Satellites can deliver transparency on super polluters in near real time.
This week brought depressing news of yet another environmental mega disaster. An oil spill has been quietly leaking between 300 and 500 barrels of oil per day into the Gulf of Mexico since a Taylor Energy-owned production platform located 12 miles off the coast of Louisiana was toppled by an underwater mudslide caused by Hurricane Ivan in 2004. After 14 years of limited success in capping the leak, the Taylor Energy leak now verges on becoming a worse offshore disaster than the infamous British Petroleum Deepwater Horizon explosion of 2010.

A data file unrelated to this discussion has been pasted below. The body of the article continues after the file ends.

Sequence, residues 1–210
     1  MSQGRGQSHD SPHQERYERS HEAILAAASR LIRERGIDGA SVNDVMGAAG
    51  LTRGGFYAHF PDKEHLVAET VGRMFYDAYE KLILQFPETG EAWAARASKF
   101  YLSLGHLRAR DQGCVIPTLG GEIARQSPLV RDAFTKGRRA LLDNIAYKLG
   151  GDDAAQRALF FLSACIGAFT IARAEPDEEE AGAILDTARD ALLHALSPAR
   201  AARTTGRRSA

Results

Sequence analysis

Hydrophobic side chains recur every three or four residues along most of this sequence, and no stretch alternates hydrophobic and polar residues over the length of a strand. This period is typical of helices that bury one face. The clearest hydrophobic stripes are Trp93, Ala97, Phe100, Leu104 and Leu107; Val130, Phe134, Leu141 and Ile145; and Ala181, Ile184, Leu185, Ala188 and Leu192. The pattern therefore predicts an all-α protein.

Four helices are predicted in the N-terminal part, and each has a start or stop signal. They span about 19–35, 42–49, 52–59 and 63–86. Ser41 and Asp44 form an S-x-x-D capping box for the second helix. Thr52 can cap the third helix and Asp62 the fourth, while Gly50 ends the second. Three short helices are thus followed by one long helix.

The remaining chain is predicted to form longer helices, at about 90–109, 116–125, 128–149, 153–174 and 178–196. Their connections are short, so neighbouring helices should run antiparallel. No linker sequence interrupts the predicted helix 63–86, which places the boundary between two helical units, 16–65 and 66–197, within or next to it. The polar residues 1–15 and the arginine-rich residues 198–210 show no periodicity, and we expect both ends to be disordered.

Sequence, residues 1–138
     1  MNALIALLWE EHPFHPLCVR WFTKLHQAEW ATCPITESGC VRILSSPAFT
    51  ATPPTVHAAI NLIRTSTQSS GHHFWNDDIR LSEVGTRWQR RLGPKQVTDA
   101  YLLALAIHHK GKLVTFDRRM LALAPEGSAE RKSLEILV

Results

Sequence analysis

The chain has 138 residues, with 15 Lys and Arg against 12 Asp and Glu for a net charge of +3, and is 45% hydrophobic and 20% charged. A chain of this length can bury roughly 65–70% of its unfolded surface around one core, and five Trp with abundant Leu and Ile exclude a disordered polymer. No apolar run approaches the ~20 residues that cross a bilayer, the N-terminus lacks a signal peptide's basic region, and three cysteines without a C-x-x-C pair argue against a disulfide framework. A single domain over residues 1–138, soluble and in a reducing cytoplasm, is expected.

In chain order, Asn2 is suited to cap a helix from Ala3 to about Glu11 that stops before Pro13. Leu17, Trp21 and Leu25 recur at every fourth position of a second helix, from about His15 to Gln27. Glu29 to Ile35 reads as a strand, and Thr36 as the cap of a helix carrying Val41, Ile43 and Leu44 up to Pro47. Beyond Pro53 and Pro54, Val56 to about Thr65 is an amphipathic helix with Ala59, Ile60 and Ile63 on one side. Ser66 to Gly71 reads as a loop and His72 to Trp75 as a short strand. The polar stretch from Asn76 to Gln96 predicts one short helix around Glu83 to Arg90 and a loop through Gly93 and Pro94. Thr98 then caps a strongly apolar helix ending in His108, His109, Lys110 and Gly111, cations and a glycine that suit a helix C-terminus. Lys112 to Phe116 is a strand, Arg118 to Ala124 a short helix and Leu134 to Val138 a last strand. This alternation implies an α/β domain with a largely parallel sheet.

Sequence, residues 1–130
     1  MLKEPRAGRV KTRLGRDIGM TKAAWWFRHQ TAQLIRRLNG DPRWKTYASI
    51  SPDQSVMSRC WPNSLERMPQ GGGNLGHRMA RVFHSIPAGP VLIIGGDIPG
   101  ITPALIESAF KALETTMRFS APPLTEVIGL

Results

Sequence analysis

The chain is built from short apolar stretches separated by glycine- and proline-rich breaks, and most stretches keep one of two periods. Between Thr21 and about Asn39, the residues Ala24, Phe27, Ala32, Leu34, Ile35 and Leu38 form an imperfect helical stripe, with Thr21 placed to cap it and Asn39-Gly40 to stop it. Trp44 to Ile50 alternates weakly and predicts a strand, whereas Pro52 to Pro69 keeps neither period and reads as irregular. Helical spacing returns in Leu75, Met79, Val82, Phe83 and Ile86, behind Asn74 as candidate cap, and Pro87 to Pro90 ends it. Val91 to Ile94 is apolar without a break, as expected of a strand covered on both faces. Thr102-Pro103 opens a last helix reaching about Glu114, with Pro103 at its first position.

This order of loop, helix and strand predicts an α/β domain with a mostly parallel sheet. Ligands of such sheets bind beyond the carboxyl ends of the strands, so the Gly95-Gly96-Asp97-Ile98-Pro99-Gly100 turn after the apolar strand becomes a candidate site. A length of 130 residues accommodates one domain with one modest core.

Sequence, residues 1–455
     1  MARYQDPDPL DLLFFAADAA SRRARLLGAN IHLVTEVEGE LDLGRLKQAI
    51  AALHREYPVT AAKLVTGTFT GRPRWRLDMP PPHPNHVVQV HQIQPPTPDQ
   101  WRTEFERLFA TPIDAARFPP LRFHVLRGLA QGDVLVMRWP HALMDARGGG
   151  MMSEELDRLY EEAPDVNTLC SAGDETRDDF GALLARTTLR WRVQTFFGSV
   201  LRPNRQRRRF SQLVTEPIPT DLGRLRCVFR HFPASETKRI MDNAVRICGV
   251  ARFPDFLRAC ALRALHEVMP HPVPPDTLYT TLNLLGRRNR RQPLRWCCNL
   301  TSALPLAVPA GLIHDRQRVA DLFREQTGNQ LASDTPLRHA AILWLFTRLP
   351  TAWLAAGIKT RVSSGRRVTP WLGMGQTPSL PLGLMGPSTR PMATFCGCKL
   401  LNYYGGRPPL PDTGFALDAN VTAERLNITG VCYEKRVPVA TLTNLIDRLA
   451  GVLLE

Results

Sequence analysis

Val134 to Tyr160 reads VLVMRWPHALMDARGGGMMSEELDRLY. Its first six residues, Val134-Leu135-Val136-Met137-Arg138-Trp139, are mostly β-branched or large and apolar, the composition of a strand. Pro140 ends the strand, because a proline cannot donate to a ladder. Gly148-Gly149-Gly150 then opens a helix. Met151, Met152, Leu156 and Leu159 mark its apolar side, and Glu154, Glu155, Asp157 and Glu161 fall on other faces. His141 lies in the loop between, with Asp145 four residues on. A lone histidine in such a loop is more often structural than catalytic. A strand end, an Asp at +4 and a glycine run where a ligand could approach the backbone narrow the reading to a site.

Sadly, the Taylor Energy leak is not the gravest environmental threat we face. But it’s symptomatic of the sometimes hidden costs – to ecosystems, the food chain, public health and climate stability – of the fossil fuel industry.
Like Deepwater Horizon, the Taylor Energy oil spill is primarily a regional ecological disaster. Invisible methane leaks from oil and gas production and distribution have a far bigger effect on global warming – an existential threat to human life as we know it – than oil spills.